The first round of the scheduled five-rounder appeared to be dominated by Hunt, as he floored Werdum a couple of times. However, that all just led to the setup for the new champion.

“I faked a takedown and got the knee,” he said. “He knew I was going to take him down, so I faked one.

“This is a special one. I’ve waiting a long time for this one. I’m very happy. He punched very hard. I had two months preparing for this here in Mexico. He was very strong in the first round and he’s very smart guy. I watched him in K-1 and I trained very hard.

Werdum (19-5-1) has won five straight since a 2011 decision loss to Alistair Overeem, and he is 8-1 overall since his first stint in the UFC ended with a TKO loss to Junior dos Santos. UFC president Dana White talked about that moment after seeing Werdum’s performance on Saturday.

“That’s the way it works. You fight in the big show and lose, get cut, go fight in other organizations and make it back some day,” he said. “At the time, I never thought Fabricio would be back, but that’s how it works.”

will brooks

Welcome to our live coverage of Bellator 131: Ortiz vs. Bonnar.

Tonight’s card comes to us from the Valley View Casino Center in San Diego. The main card airs on Spike TV following online prelims.

FightLine will have complete coverage of the main card, along with quick results from the prelims.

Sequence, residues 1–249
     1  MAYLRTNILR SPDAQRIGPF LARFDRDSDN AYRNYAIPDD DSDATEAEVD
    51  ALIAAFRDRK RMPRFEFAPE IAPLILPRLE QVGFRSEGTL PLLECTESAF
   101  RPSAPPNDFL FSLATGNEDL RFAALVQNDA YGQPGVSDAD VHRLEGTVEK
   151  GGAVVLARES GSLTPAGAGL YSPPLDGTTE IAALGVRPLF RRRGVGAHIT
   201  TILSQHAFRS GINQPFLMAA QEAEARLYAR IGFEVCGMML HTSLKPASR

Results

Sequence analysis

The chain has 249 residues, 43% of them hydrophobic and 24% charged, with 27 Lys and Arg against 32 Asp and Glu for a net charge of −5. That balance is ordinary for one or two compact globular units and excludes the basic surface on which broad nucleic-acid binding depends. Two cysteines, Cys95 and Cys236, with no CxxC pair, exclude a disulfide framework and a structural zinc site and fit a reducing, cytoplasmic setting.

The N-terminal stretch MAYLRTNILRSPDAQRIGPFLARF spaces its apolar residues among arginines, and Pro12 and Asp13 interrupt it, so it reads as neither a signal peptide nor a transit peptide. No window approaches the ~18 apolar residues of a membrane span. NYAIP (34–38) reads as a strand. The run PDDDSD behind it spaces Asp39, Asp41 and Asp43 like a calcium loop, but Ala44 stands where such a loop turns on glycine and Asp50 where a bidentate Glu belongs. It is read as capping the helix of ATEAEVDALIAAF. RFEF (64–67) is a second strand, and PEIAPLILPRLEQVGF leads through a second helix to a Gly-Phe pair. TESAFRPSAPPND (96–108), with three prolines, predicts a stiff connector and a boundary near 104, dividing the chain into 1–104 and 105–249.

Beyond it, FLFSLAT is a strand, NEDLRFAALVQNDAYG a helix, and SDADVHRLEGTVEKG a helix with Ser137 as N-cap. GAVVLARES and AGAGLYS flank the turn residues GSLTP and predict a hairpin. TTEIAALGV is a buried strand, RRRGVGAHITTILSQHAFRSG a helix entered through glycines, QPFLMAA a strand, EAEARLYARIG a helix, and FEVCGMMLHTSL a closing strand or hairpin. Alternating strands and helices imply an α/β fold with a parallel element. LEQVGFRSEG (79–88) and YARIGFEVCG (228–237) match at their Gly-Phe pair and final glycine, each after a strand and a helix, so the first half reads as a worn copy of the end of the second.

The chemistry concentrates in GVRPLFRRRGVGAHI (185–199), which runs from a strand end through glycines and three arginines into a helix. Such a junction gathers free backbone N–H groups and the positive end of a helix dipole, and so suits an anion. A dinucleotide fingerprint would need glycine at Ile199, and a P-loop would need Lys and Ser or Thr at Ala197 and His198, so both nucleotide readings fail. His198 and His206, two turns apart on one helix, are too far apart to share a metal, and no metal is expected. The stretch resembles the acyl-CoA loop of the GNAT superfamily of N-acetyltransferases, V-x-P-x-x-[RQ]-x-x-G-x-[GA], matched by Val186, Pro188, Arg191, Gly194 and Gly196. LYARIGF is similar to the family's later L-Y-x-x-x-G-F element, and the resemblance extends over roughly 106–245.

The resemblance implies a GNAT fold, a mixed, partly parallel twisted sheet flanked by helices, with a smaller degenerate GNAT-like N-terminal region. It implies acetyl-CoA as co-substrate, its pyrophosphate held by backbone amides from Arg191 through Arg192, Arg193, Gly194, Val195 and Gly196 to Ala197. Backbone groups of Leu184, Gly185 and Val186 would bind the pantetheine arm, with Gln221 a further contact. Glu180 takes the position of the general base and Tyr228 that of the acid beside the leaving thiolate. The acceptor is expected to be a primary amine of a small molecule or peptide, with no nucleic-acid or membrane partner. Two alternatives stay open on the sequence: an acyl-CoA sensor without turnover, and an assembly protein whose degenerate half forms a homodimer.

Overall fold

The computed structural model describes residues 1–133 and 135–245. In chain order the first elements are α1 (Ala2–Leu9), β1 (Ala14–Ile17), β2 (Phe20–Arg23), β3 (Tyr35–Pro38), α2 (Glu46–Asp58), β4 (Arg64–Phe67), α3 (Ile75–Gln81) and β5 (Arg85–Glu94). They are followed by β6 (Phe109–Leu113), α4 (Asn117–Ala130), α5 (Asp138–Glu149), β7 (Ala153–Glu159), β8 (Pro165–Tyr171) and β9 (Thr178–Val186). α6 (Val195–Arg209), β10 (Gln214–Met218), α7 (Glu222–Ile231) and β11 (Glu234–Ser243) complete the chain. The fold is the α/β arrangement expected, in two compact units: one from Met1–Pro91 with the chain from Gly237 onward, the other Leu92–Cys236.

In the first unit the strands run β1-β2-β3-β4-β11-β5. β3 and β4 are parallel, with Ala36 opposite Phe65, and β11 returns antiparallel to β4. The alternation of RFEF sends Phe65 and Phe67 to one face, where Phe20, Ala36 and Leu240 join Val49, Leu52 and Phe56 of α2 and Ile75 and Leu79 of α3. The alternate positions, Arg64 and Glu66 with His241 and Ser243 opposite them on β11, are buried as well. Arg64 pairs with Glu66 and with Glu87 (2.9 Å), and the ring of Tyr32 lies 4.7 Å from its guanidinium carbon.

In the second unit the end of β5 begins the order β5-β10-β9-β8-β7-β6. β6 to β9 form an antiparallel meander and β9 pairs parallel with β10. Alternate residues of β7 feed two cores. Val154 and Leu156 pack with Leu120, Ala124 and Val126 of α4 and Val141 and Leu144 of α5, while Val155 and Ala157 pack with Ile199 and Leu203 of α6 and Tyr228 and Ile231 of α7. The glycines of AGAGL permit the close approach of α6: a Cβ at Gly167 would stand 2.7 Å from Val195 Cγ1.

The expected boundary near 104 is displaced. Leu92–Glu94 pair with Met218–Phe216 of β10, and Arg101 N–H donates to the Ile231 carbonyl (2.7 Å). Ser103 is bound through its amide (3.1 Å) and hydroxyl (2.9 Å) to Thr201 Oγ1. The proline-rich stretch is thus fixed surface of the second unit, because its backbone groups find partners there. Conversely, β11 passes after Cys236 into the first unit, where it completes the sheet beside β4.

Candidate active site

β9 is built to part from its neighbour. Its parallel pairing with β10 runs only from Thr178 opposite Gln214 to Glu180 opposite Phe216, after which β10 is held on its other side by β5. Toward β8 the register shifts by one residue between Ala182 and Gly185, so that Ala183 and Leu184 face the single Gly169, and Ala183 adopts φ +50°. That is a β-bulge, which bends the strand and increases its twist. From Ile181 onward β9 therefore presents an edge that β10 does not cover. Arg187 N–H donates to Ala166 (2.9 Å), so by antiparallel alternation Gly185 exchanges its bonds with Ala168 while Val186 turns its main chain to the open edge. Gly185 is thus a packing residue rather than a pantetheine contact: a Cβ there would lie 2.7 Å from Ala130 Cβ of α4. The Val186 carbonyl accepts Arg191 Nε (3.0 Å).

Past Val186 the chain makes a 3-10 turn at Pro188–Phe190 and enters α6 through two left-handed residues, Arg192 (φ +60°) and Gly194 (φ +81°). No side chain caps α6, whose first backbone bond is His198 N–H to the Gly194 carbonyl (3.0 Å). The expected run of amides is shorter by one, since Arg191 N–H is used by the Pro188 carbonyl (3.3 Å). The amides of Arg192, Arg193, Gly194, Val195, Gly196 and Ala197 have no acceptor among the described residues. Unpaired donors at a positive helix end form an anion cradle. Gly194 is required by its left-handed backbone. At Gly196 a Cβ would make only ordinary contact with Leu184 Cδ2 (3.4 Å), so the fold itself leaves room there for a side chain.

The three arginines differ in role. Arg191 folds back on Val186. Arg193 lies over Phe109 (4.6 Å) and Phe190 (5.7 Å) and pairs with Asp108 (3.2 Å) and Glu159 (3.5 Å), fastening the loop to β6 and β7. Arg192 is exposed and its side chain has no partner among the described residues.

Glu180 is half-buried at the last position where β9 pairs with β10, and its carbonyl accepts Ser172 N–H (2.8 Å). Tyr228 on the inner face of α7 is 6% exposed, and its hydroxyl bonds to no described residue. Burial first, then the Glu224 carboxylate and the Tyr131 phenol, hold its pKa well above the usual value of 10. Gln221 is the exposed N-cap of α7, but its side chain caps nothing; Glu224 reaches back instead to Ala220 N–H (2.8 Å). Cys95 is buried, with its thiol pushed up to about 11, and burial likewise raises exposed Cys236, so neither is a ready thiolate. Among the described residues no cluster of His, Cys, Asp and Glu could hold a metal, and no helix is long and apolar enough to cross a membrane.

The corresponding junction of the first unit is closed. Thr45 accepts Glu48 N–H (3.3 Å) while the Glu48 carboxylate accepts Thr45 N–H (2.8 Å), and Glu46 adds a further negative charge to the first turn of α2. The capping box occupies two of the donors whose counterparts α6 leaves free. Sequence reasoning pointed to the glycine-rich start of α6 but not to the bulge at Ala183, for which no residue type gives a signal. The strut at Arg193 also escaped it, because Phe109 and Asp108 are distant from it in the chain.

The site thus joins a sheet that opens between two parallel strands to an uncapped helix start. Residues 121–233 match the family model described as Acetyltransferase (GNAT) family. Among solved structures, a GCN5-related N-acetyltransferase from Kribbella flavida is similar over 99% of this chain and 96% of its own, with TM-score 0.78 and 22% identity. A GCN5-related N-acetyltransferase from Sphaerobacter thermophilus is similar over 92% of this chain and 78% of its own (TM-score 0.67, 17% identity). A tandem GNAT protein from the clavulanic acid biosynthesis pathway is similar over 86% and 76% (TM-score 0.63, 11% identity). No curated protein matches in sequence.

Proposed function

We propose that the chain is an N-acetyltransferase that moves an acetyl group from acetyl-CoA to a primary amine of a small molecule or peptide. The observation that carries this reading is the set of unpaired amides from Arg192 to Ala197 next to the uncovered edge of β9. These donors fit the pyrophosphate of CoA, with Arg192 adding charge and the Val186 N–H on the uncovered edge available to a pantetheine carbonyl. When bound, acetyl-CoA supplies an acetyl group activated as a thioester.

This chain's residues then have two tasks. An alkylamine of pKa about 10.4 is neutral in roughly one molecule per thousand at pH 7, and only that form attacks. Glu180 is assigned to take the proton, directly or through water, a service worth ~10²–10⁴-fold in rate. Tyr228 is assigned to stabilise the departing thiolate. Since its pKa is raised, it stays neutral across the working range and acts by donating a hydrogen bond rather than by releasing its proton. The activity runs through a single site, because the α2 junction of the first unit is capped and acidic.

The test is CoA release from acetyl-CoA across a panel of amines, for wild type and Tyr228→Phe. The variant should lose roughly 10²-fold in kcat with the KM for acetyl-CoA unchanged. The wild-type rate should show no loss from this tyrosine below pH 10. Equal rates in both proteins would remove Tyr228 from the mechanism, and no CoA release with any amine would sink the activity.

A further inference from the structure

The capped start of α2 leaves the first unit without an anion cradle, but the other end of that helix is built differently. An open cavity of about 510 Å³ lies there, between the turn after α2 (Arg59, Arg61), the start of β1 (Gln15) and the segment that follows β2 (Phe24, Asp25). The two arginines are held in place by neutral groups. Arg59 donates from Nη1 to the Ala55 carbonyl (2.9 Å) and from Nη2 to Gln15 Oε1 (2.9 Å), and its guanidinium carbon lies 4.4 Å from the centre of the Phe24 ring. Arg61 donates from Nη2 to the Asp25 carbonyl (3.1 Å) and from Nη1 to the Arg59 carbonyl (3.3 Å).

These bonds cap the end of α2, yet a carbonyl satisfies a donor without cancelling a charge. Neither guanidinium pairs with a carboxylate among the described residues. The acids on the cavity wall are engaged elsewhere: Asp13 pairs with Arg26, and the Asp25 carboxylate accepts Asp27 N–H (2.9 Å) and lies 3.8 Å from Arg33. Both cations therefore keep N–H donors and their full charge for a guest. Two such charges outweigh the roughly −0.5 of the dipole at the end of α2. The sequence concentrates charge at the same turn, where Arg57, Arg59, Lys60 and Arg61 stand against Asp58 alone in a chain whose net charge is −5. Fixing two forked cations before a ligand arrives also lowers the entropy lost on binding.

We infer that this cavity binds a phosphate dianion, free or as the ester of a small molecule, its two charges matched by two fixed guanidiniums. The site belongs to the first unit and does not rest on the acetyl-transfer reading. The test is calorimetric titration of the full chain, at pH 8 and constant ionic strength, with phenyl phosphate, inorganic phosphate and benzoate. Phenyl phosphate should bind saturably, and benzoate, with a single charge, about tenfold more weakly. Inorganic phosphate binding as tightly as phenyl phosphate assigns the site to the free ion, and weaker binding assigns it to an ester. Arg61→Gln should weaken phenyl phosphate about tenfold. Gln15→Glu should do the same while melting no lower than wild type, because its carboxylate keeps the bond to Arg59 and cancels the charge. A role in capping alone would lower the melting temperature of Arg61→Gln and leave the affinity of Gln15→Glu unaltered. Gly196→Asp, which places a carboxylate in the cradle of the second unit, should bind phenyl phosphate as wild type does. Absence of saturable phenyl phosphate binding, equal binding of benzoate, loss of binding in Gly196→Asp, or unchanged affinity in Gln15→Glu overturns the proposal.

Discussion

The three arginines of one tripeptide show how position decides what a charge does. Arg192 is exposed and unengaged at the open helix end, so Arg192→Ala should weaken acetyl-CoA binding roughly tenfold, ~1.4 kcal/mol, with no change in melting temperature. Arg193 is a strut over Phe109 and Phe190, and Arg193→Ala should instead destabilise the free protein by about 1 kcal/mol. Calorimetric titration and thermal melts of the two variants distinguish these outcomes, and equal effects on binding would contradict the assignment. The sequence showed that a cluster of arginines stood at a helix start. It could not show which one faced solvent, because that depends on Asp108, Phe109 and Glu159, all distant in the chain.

PRELIMINARY CARD

In earlier action:

Rolando Perez vs. Mark Vorgeas ruled a draw (29-27, 26-30, 28-28)

Jordan Bailey def. Alex Higley via submission (rear-naked choke) at 3:27 of Round 1

Nick Garcia def. Matt Ramirez via submission (guillotine choke) at :56 of Round 1

Andy Murad def. Bubba Pugh via split decision (29-28, 28-29, 29-28)

Jonathan Santa Maria def. Ron Henderson via split decision (29-28, 28-29, 30-27)

A.J. Matthews def. Kyle Bolt via KO (strike) at 1:39 of Round 1

Joao Faria def. Ian Butler via submission (arm-triangle choke) at 1:58 of Round 3

MAIN CARD

Muhammed “King Mo” Lawal vs. Joe Vedepo

We begin the Spike TV main card with former Strikeforce champion Muhammed “King Mo” Lawal (13-4) taking on Joe Vedepo (17-8), who is stepping in on short notice as a replacement for Tom DeBlass.